The Need for Better Information
Many remote areas of the World are now being opened to exploration and development, generating a growing demand for up-to-date maps of land topography, land-use and other information products. Such maps are of great importance for activities ranging from managing and planning land-use development, to natural-resource management and engineering studies. In this context, more and more users have started to integrate cartographic and thematic mapping products into their management and decision-making systems.
The mapping industry worldwide is currently experiencing rapid technologicaland organisational change. A prerequisite for obtaining a complete knowledge of any landscape is to rely on as many data sources as possible. Today’s mapping projects are therefore relying more and more on multi-source remote-sensing techniques capable of providing highresolution data sets over wide geographical areas. In addition, map products available in digital format are of a great value in the rapidly expanding market of Geographical Information Systems (GISs). These are now used extensively to integrate data from different sources in domains like land management, monitoring and planning.
Moreover, map producers are looking to the latest and least time-consuming methods to ensure the best product quality at the lowest cost.
The Limitations of Traditional Techniques
Aerial surveys and ground measurements are the conventional means of producing maps. These traditional map-making techniques rely on scanning and digitising processes for their updating and injection into modern decision management systems. However this type of process does not allow the fast and cheap production of maps covering large geographical areas such as entire regions.
Consequently, there is a lack of regular information updating and many maps quickly become obsolete and are therefore of little practical use. information updating and many maps quickly become obsolete and are therefore of little practical use. Furthermore, statistics provided in 1987 by a United Nations Secretariat Survey showed that more than 40% of the World’s land surface is still not covered by 1:100 000 scale maps. Almost 50% is not covered by 1:50 000 scale maps, and 80% is not covered by 1:25 000 scale maps.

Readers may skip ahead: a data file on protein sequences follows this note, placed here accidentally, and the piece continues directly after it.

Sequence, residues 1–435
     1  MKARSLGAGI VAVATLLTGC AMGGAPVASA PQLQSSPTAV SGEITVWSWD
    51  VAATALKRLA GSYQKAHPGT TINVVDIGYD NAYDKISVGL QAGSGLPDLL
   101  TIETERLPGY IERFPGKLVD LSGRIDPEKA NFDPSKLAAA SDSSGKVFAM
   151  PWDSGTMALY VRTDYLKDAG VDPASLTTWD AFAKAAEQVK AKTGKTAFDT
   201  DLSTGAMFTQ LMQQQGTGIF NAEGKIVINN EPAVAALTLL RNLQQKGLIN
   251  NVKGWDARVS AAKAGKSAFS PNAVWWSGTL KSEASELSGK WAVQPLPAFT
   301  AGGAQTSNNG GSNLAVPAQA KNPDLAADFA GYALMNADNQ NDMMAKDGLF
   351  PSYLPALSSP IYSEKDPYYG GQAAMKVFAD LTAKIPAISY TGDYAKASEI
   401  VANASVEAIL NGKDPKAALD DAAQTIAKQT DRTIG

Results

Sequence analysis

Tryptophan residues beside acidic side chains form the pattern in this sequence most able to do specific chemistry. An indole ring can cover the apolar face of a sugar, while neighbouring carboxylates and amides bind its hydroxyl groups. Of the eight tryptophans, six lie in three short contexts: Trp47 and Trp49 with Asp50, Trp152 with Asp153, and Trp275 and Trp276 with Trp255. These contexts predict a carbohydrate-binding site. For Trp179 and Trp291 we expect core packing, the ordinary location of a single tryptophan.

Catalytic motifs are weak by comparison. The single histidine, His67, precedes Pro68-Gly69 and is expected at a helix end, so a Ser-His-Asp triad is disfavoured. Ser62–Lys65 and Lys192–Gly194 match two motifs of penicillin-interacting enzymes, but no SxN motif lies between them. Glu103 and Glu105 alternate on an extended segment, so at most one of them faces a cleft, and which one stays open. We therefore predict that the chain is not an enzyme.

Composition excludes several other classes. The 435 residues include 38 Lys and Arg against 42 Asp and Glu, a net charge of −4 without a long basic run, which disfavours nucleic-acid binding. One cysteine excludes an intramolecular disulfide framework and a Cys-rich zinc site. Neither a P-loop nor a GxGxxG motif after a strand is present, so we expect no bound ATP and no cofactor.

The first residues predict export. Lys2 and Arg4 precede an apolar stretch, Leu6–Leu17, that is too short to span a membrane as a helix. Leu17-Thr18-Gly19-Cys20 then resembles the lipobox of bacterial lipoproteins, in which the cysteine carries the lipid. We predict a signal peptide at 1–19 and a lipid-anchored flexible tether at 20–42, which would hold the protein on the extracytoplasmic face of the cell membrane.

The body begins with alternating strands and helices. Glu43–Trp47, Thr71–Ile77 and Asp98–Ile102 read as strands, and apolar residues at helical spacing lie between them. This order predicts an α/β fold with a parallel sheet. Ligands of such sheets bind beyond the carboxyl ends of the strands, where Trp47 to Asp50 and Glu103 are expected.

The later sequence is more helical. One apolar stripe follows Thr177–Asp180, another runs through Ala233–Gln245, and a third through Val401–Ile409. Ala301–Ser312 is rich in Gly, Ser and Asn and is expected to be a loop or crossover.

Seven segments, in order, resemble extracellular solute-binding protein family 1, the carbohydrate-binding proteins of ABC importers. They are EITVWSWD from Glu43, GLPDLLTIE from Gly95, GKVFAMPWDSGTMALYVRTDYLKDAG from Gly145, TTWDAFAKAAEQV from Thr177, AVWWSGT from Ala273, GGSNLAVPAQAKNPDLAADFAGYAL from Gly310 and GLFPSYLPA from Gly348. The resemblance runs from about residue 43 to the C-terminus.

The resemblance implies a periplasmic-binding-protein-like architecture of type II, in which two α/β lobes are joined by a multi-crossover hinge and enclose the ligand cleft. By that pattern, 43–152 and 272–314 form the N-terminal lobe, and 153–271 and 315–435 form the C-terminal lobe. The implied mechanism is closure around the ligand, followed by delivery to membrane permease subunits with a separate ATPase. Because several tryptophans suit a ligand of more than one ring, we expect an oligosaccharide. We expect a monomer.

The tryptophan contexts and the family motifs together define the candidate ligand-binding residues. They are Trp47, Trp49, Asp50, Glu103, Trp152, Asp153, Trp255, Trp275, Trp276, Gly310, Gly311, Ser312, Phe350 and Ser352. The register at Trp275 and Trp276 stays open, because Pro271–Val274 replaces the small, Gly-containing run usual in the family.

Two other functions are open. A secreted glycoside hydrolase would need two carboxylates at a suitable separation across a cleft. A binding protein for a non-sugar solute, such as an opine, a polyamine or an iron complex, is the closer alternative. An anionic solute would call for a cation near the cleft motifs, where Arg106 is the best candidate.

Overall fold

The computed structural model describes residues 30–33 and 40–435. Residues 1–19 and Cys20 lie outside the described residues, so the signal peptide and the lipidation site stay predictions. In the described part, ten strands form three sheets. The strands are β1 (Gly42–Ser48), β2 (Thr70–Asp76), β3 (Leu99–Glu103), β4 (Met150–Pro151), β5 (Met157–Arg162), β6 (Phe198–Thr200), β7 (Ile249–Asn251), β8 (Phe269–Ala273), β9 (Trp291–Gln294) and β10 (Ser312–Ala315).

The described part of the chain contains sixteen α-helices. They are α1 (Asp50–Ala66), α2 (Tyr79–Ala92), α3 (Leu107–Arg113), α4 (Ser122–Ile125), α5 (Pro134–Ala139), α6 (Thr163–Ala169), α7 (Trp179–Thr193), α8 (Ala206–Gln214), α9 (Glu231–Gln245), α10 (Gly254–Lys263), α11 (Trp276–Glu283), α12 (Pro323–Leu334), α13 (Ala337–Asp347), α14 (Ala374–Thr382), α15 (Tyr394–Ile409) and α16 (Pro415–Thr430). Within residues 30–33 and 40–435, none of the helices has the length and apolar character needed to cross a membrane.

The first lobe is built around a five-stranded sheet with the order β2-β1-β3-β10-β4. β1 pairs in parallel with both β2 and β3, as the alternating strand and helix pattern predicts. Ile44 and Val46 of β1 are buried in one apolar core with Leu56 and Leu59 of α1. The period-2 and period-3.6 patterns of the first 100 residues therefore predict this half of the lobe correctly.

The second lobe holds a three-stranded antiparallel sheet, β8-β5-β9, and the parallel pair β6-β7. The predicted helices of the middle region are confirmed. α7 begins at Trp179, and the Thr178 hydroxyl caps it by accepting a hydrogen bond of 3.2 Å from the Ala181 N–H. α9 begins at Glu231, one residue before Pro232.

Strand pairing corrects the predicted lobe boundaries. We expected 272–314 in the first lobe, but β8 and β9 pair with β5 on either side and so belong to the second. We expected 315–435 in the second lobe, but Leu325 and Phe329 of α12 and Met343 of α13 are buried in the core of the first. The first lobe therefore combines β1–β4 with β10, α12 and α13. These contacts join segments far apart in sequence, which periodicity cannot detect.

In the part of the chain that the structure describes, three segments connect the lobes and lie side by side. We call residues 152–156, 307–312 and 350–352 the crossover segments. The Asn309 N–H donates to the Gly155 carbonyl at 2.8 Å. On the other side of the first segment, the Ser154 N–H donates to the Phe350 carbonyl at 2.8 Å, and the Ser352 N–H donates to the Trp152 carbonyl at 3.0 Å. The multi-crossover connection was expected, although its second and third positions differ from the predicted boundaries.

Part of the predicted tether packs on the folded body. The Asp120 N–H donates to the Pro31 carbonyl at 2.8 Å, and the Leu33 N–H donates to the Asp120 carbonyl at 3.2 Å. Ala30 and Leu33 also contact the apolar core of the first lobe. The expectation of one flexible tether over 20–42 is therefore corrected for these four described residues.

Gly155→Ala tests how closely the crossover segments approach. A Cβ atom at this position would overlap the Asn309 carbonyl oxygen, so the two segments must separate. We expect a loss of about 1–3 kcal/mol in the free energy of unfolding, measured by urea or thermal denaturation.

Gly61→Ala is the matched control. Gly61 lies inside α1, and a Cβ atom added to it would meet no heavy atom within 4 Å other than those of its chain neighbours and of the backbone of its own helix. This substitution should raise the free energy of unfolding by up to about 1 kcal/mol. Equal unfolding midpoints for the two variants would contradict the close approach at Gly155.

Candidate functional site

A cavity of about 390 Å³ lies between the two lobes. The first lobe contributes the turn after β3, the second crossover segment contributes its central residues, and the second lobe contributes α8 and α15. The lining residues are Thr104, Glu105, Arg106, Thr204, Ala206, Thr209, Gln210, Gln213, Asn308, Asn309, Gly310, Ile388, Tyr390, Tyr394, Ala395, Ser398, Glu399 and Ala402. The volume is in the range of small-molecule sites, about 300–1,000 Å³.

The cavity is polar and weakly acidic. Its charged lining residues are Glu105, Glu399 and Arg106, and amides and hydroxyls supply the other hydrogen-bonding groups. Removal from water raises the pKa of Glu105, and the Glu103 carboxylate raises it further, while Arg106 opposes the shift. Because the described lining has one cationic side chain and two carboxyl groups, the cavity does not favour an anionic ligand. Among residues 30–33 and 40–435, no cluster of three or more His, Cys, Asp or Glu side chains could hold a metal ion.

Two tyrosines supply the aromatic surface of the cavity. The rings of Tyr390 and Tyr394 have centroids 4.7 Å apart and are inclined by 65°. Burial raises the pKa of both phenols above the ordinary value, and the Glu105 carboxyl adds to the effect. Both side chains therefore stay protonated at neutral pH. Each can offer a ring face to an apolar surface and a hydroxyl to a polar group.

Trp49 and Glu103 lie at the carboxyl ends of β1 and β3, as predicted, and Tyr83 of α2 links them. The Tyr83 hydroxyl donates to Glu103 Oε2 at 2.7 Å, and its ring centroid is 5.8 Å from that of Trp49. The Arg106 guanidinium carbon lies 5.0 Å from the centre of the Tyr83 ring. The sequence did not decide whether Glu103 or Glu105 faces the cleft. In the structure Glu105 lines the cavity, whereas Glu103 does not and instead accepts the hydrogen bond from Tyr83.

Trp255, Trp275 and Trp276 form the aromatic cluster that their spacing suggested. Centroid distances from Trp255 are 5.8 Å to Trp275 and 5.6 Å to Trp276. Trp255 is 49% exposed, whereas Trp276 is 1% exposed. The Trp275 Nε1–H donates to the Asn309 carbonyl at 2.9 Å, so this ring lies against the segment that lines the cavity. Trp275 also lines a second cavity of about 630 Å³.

The Beneﬁts of Space-Based Monitoring
Because of its ability to provide fast, up-to-date information and wide spatial coverage, spaceborn imagery is being used more and more by the mapping industry. Optical remote-sensing data products are used to produce space maps on a wide range of scales to serve many different needs. These include 1:50 000 scale (one of the standard scales) map compilation and map updating, as well as Digital Terrain Models (DTMs) based on stereoscopic imagery. Space maps are geocoded products, annotated in the same way as traditional maps.
Although optical remote-sensing information is widely used particularly in remote regions, it has two major limitations:
• excessive cloud cover often precludes its utilisation, and
• the location accuracy of individual points within a space map is sometimes not sufﬁcient for some applications.
The Contribution of ERS SAR
The Synthetic Aperture Radar (SAR) instrument carried by the European Remote Sensing satellites ERS-1 and ERS-2 has proved extremely valuable in developing markets dependent on largecoverage maps on scales ranging from 1:1 000 000 to 1:50 000. A large archive of SAR data has been constructed since the launches of ERS-1 and ERS-2 in July 1991 and April 1995, respectively, and this database is continually being updated with new acquisitions.
The SAR is an active instrument that produces images under all weather conditions by analysing the echoes (Cband and VV polarisation) transmitted from the satellite and backscattered by the Earth’s surface. An ERS SAR scene covers an area of 100 km by 100 km and has a high geographical location accuracy. Because of the speciﬁc interaction between the radar wave and the ground surface, the information content of SAR images is different from that of optical images.